Two things you need to know about the title of this Newberry Award-winning story. 1) The Bible says the God has numbered the stars (every one of them) and that, 2) God promised Abraham that his descendants would be as numerous as the stars.
During the German occupation of Denmark in World War II, the Nazis closed down Jewish-owned businesses and began to round up the Jews for relocation to concentration camps for the final solution. Danish freedom fighters of all ages risked everything in daring, hurried attempts to rescue the entire Jewish population. In this stirring new play, young Annemarie and Kirsti Johansen face soldiers, interrogations, fierce dogs, personal danger, the loss of loved ones and their own fears as they try to help their friend Ellen Rosen escape across the ocean to Sweden and safely. Courage, faith, ingenuity and even their fledgling acting skills eventually win the day. All the drama, pathos, adventure, terror and humor that have made Lois Lowry's "Number the Stars" a national best seller (and winner of the Newberry Award and the American Library Association Book of the Year Award) come to life in this powerful adaptation by Dr. Douglas W. Larche.
I liked the play, now I have to read the book.
"I will always wear the Star of David in my heart."
Ably and creatively directed by Sue Harris, the show features several players from Southwest Washington, namely she and her talented family. Husband JJ, son Jim and that firecracker daughter Amelia I enjoyed so much in NEPs 2013 production of "The Best Christmas Pageant Ever" are performing. There is a cast of twenty, twenty-one if you count Strider (he's one of them ranger types), who is a German Shepherd.
|Mercy McVicker (left) as Annamarie and Belanna Winborne (right) as|
Ellen Rosen in "Number the Stars." Photo by JJ Harris.
Nathan Larrabee performed strongly in his role as a leader of the underground resistance and his closing soliloquy was especially moving and sincere. I enjoyed JJ Harris in his secondary role as a Nazi officer more than his role as Papa. Third-grader Amelia Harris--just as button cute as she was in her last show, but twice as good (in a much bigger part)--was an expressive ball of energy.
But, mercy, mercy, mercy, the real shining star of the show was 13-year-old home-schooler, Mercy McVicker, an amazing performer with a certain future in acting. She is one to keep your eye on. She reminded me very much of a younger version of local superstar actress Ashlee Waldbauer (whom we've reviewed numerous times). I believe the two could play one another at different ages since they both look similar and have the same magical energy.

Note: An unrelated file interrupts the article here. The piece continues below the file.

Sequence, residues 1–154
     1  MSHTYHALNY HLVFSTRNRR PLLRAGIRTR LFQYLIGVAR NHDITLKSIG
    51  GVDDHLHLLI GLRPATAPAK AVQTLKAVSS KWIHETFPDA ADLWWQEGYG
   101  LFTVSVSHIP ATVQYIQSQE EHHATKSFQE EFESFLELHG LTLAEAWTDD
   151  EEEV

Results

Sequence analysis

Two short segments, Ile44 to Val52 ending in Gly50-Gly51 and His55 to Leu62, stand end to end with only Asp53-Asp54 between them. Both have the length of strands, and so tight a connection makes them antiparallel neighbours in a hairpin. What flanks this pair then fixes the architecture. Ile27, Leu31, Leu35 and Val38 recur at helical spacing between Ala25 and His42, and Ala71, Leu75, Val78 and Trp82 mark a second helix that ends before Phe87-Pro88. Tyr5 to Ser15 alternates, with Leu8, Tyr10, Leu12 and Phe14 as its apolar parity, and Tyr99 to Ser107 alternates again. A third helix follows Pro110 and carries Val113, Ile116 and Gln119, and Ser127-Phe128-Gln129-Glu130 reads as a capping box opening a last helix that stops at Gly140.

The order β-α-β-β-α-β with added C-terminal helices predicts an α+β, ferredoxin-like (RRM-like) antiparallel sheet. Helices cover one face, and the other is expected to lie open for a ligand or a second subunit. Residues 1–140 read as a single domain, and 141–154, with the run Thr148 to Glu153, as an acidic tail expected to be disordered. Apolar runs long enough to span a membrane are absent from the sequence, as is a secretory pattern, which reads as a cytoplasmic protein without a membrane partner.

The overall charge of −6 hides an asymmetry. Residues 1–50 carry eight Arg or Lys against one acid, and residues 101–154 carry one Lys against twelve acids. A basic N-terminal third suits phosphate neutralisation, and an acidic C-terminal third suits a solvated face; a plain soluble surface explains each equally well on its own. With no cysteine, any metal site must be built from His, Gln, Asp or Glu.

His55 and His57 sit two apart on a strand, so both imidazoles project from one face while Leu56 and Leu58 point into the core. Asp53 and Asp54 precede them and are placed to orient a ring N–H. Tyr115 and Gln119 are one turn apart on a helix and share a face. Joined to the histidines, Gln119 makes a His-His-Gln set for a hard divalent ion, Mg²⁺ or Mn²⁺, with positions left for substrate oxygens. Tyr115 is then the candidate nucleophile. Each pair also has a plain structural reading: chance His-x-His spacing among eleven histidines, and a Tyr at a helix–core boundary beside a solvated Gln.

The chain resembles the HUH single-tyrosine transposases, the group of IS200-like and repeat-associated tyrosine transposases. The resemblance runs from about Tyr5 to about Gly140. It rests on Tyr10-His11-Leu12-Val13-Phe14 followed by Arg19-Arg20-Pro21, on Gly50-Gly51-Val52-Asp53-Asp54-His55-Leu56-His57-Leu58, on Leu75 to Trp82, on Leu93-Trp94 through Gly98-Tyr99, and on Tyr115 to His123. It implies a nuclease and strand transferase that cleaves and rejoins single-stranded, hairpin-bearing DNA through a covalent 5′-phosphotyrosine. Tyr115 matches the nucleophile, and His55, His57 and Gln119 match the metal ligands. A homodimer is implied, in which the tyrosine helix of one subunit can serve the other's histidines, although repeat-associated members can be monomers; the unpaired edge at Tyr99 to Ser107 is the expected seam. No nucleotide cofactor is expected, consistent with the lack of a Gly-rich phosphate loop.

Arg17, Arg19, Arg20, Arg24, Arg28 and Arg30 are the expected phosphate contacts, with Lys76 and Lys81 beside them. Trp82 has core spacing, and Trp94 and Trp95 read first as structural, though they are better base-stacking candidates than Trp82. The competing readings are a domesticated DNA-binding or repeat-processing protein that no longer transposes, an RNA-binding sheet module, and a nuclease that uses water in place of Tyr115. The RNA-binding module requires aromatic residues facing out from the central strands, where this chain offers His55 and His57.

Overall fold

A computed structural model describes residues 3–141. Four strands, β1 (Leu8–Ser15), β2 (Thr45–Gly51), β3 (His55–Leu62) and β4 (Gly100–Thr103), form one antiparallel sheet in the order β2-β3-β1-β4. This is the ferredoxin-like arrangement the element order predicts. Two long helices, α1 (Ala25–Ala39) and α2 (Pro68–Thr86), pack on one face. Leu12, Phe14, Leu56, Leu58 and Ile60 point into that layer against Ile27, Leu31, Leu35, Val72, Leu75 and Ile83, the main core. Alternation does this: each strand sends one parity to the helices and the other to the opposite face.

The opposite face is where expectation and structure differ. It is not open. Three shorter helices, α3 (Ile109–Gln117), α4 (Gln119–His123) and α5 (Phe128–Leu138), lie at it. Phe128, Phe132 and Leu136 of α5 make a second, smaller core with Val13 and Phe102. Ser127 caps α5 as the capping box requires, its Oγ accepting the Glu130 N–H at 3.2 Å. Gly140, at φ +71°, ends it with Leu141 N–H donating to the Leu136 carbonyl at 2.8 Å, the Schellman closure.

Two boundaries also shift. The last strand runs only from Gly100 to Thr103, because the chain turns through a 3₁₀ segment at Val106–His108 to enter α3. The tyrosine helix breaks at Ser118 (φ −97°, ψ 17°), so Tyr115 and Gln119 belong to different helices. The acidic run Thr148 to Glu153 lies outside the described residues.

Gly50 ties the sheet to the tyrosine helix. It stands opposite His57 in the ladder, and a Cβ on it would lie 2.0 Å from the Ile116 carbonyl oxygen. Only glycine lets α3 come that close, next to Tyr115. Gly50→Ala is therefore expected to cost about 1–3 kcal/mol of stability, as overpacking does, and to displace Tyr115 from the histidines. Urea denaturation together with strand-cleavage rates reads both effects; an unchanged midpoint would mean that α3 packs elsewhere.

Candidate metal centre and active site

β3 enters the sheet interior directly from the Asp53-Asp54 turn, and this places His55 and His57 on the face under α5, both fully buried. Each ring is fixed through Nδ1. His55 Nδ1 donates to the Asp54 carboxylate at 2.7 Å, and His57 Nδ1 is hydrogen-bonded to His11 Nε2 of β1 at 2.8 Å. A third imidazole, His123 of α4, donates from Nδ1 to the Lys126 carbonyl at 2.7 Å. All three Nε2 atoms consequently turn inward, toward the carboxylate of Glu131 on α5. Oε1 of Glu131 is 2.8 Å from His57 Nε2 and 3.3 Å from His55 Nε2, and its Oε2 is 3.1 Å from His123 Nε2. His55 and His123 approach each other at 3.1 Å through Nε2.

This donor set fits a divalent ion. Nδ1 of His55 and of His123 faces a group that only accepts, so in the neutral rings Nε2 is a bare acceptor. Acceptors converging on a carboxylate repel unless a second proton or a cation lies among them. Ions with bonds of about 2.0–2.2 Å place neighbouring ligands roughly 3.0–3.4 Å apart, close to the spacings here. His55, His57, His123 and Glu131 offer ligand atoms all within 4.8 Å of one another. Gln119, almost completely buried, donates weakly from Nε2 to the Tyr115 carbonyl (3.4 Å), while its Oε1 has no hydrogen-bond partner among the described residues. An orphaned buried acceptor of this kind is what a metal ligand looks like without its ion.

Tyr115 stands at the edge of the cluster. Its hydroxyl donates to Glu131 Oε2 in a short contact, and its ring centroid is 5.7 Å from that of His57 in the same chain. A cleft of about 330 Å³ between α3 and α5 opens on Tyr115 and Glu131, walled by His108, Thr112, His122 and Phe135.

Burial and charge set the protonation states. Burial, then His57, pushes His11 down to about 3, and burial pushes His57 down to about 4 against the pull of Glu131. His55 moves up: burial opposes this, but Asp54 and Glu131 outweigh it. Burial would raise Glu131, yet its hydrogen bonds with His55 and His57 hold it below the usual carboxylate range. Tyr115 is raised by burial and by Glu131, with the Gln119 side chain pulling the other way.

I have some issues with the production values and, therefore, I have mixed feelings about the attempt. On the one hand this play is very much worth presenting for the message and quality writing. On the other hand, as a period piece with seven different sets (locales), it is a big challenge for community theater. It would be expensive to get it done 100% right. As it was, many of the furnishings/set dressings were out of place.
Costumes (by Sue Harris) and properties were often misfits. Things like mall store-logoed shopping bags and 1960's suitcases, polyester suits, black nylons and snowflake fleece slippers in a 1930's setting are just cringe-able to me. But then, I realize how hard and expensive it would be to get it perfect and I have to be forgiving. I can't blame them for wanting to present this play, I do, too (but I just wouldn't unless I could be more authentic).
That said, the set (design by JJ Harris) was well laid out and a rather ingenious. The changes, though, could have been smoother; the show ran close to ninety minutes (not counting the intermission) and should have run at eighty. Then again there are seven sets and twenty-one scenes to deal with. I did like the sound design.
The lighting (by Dennis Stevens) was okay. The stage was evenly lit, but again there were challenges such as LED PARs not controlled with the proper dimmer system, occasional blinding light in the eyes of the audience, etc.. (I imagine they could use funding for a better lighting desk.) Colors were good.
Now, put aside those picky issues (that's me) and consider seeing this play for the great story, writing and message. The hope and inspiration it will give you. And the joy you will derive from seeing the young talent (especially Mercy McVicker). Tell 'em the SW Washington STAR sent you.
Evening performances: doors open at 7 p.m.; curtain at 7:30 p.m. The theater is at The Bert Mann Theatre at The Abbey, 7600 N. Hereford Avenue, Portland, Ore. Box Office Reservations: 503-705-2088. This is the show's second weekend, you can see it today, Saturday, March 8 at 2 p.m. or 7:30 p.m; or next Friday or Saturday, March 14 or 15 at 7:30 p.m. only. Details and tickets can be found here.
Review by Gregory E. Zschomler
Photo, by JJ Harris, provided.